Dynamic – Four Frog Tips from Mike Iaconelli

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DynamicBlogHeaderWith the exception of winter, when hibernation halts their ribbit, Mike Iaconelli says bass will bite a topwater frog in water temps that range from roughly 55 to 90 degrees, and that action really starts hoppin when surface temps surpass 70.

Mike Iaconelli's Frog Box - photo by Alan McGuckin

Mike Iaconelli’s Frog Box – photo by Alan McGuckin

That said, early summer becomes prime time for topwater frogs as water temps rise, and rain-infused lake levels often flood shoreline habitat.

Be warned, however – not all topwater frogs are created equal. Iaconelli highlights four different designs – and tells us when he uses each, describing them from left to right in the attached photo.

Walking Frog for calm water – “This frog is probably the most popular style, it’s extremely buoyant, and it’s great for skipping docks, and fishing around scattered vegetation in really calm water,” Iaconelli says.

Popping Frog for wind and ripples – “Notice the cupped mouth – this is also great for fishing around scattered vegetation, but if there’s a heavy ripple or light chop on the water’s surface, this frog will cause a better disturbance, and get you more bites than the walking frog if there’s any wind at all,” says Iaconelli. “Plus, compared to the walking frog, it tends to stay in one place without moving forward real fast with each twitch of the rod tip, which also helps bass find it better if there’s a chop or ripple on the surface.”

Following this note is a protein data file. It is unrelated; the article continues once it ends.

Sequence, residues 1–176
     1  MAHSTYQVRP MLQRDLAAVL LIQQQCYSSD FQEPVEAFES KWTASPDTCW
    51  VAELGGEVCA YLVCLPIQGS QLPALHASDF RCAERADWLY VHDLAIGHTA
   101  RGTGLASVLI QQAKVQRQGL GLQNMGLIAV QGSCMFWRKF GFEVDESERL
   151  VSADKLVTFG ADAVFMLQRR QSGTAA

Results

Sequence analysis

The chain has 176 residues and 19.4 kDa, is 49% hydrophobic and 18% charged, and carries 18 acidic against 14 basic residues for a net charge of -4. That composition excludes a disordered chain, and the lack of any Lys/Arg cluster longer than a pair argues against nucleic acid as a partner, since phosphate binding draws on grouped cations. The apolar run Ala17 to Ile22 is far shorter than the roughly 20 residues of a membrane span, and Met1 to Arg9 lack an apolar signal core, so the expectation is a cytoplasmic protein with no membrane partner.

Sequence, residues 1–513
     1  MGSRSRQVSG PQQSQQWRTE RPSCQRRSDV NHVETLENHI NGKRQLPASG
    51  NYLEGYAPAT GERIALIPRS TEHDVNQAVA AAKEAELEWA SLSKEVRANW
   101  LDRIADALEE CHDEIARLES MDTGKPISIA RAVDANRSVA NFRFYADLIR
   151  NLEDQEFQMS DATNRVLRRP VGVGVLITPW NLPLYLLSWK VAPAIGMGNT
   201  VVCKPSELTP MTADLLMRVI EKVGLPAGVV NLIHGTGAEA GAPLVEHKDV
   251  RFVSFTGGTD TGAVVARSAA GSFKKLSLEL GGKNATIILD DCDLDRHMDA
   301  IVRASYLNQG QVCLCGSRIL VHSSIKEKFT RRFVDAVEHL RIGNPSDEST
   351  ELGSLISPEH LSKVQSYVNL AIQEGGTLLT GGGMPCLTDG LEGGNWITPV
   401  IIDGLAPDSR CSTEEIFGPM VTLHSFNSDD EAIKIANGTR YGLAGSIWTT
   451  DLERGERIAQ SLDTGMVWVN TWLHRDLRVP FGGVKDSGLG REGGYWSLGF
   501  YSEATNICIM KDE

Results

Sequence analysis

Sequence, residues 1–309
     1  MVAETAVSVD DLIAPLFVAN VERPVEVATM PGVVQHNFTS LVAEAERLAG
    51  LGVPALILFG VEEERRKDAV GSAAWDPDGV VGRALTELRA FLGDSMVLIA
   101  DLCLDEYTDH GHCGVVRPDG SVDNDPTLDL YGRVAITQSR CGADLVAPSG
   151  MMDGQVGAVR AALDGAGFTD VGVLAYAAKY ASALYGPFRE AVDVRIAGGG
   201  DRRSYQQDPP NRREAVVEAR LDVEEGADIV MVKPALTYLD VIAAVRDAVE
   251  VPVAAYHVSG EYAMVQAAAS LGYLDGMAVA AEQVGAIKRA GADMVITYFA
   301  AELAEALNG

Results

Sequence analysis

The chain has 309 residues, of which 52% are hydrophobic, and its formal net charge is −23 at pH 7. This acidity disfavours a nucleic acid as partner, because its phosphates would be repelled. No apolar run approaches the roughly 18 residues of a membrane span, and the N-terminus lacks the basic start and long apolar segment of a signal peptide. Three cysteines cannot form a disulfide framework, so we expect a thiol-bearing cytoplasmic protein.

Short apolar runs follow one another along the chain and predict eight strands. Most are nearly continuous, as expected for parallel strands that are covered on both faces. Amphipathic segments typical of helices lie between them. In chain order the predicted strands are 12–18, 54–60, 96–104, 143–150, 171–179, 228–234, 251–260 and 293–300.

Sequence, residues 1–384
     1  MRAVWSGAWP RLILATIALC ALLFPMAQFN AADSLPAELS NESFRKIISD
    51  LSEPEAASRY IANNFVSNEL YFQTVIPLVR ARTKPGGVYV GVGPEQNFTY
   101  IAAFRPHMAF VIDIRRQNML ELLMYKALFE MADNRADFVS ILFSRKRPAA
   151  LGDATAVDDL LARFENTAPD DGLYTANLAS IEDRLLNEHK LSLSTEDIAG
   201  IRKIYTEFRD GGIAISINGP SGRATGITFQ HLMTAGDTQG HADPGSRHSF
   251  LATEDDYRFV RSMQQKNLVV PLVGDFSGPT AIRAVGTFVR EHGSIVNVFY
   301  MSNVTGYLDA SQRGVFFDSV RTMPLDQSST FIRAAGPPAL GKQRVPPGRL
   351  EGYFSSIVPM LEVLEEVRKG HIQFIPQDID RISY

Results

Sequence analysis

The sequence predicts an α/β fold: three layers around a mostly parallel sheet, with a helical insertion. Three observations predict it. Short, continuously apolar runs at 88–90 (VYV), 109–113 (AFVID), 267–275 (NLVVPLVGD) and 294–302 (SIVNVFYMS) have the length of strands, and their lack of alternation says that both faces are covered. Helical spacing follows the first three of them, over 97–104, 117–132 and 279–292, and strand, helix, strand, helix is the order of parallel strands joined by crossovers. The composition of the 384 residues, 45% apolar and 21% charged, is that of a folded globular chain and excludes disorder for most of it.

Mike Iaconelli on the Elite Series Stage - photo by Dan O'Sullivan

Mike Iaconelli on the Elite Series Stage – photo by Dan O’Sullivan

Pushing Frog for ‘cheese’ – “This frog not only has more realistic looking legs, but more importantly, the weight of the legs and the design of the butt tends to push downward on the surface,” Ike explains. “This is the ‘cheese frog’ – cheese is what everybody calls that carpet thick layer of vegetation on the surface that you see at the Potomac River, Lake Guntersville, the California Delta, and places where it looks like you could nearly walk across the water. You gotta have a frog that bass can track from beneath that barrier, and this is it.”

Diving Frog in place of a wake bait – “This is probably the most uncommon frog design because it has a diving bill,” Iaconelli says. “It makes a great alternative to a more common crankbait anytime you have submerged vegetation growing 1 or 2-feet short of the surface to create sort of an open window, or layer of water between the weeds and the surface.”

Iaconelli recommends 50-pound SpiderWire braided line on a fast gear ratio reel to winch bass quickly out of the vegetation, and a 7’ 4” medium-heavy rod with plenty of backbone as a great all-around froggin’ set-up.